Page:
It was an interesting week of conversations leading up to the CORE course on March 10.
When I told my friends I was taking my Conservation and Outdoor Recreation Education (CORE), there were very mixed reactions. Some were extremely supportive that I was finally getting around to doing it, others not so much.
“People will think you’re a redneck,” said one person I know.
“So what,” I said, “It’s always good to know how to handle and disarm a gun, even if you aren’t planning on shooting one.”
“Why? Are you going to hunt animals?” asked another friend, a vegetarian.
For years I was vegetarian, and the reason was the same for both health and ethical reasons: I don’t believe factory-farmed animals are treated well, and the way they are treated and fed affects the quality of their meat.
A third friend, not a vegetarian, disclosed that even though she eats meat, she could never kill an animal. She admitted that she prefers her animal muscle and organs to come packaged, abstracted away from the living thing it once was: big eyes, personality, etc.
My vegetarianism came to an abrupt end when I travelled to a remote settlement in the Northwest Territories where vegetables were in short supply, but fresh caribou wasn’t.
The fact that life for one creature, plant or animal, almost inevitably relies upon the death of another has always been something that seemed self-evident to me. When I was asked to help skin the caribou, I didn’t hesitate. It was this animal that would allow me to continue to live my life here up in the frozen north, and the best thing I could do was be respectful and careful as I cut the skin away, making sure no piece was wasted.
I know it is very disturbing to some people to even read about “cleaning” an animal, but if you eat meat, I personally believe it should be something you consider as part of respecting the life that was given up to nourish you. Inevitably, one day your body will feed other organisms in need of sustenance.
Last spring, I was driving home one night from the Nakusp Hot Springs when I caught two good-sized cougars in my high-beams. For a moment, they were confused by the lights and noise of my truck, and all three of us just stood still, not quite sure what to do. I have never seen cougars so close up for so long. They were two of the most beautiful creatures I had ever seen: their muscles were long and lean, with their tails perfectly balancing their tawny bodies. Eventually, they collected themselves and crouched down the bank away from the road.
When I told my mom, she said there was no way I could bike up to the Hot Springs any more. Suddenly, I might be the meat.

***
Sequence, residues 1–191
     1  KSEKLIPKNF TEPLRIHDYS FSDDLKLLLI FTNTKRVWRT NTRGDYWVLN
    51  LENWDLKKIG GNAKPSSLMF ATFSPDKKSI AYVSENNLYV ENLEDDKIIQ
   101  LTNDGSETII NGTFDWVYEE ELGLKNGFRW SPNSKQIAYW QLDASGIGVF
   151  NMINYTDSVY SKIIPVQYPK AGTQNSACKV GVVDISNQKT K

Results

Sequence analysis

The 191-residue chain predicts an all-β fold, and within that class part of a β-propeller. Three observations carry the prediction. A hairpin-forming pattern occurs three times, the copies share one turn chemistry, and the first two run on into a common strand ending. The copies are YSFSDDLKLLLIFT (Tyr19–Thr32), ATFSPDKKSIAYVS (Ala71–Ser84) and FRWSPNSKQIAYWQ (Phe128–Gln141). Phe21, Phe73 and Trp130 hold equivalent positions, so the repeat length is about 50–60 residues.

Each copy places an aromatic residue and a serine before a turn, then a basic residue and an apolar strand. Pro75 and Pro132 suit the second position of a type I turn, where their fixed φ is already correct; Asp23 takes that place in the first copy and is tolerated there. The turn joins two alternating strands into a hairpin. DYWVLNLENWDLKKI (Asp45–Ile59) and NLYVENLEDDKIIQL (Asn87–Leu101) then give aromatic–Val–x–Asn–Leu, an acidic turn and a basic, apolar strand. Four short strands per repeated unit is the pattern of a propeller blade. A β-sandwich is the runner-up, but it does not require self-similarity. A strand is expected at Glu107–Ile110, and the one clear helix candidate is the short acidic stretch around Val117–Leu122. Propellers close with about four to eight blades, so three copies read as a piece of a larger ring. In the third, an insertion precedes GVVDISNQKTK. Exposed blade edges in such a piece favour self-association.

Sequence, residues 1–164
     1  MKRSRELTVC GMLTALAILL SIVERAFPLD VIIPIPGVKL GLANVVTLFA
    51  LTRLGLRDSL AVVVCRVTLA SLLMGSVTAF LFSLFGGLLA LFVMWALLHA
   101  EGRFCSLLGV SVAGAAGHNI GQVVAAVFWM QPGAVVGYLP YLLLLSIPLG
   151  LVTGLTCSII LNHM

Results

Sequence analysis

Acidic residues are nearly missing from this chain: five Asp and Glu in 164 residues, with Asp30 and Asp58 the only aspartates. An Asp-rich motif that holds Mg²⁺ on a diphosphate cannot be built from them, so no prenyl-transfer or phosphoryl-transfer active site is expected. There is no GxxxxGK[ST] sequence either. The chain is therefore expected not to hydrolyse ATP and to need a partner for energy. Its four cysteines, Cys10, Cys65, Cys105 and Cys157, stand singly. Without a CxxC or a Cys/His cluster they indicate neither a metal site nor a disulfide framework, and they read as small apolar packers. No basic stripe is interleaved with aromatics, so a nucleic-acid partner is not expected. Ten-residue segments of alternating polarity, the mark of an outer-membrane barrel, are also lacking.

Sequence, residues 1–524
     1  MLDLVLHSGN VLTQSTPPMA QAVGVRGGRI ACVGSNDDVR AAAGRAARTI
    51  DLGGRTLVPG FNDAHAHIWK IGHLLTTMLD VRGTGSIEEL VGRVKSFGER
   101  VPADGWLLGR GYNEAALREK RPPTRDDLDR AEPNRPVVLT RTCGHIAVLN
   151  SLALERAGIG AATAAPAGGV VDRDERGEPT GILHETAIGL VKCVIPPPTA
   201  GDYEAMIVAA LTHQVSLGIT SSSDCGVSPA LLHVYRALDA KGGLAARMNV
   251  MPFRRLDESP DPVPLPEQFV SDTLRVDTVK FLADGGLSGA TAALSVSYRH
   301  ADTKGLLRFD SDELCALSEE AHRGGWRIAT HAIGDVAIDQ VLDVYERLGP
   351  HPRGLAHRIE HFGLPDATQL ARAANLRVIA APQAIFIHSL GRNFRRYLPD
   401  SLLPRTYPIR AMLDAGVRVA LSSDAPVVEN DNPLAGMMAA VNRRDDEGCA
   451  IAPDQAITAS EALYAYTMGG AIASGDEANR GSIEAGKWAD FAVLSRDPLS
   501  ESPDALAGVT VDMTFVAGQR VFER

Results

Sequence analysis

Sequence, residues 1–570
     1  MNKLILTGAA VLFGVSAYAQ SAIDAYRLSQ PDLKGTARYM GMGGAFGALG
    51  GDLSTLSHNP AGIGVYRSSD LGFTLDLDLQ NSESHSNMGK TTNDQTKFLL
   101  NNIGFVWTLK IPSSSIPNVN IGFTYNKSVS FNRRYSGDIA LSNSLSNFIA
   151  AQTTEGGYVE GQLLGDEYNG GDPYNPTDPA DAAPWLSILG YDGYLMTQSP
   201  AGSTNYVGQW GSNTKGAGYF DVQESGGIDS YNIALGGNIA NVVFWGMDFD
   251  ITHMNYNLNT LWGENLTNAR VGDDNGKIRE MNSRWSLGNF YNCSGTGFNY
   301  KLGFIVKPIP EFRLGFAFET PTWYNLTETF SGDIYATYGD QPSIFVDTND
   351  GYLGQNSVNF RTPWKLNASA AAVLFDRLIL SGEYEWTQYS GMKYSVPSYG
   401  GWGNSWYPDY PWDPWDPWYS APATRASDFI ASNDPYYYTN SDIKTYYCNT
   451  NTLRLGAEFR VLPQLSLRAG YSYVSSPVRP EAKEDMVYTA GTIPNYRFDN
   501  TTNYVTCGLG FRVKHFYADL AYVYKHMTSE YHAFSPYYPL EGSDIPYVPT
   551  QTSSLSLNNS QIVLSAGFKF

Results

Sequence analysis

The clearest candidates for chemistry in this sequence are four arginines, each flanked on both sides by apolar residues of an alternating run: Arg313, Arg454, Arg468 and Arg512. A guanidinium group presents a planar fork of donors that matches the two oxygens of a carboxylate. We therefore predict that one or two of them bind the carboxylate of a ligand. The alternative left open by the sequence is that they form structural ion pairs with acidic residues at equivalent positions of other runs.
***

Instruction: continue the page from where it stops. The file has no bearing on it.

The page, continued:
It made me think about being their prey. It would be a messy death, for sure, but cougars are generally scaredy-cats and can be run off even if they worked up the nerve to go after a full-sized human. If they did get the upper hand in a struggle, at least they’re efficient, aiming to bite at the base of the skull and kill their prey as quickly as possible.
I thought about the cougars, and I thought about giving up riding my bike up the hill. Was it worth it?
In the end, I decided that giving up the freedom to bike out of fear of an attack wasn’t worth it, and I was on my bicycle the next week. I calmed my mom down by saying that I was riding in the day when there was more traffic, and that cougar attacks were rare, and that if I did happen to be killed, well, at least I would be nutriment for another awesome animal. I don’t think the last part reassured her, but I wasn’t about to give up biking.
I have a deep respect for the decision to become vegetarian. It is a very personal one, and there are scads of very interesting works that have been written about it, because it also has a lot to do with the attribution of “sentience” or consciousness to creatures. There isn’t much popular debate about the self-awareness of chives, at least in Western culture, but it’s an interesting question why some living things are OK to eat and others not.
Food is a vast, complex topic that involves ethics, politics, tradition and much more, and “meat” is just one aspect. For myself, if I am going to eat meat, I understand I am complicit in the death of the animal, and I would prefer that animal had as free a life as possible before it allowed me to continue to live by becoming my meal.
Does that mean I don’t buy meat at the grocery store? No, I still do, but I want to see if I can face what it means to take a life in order to sustain my own.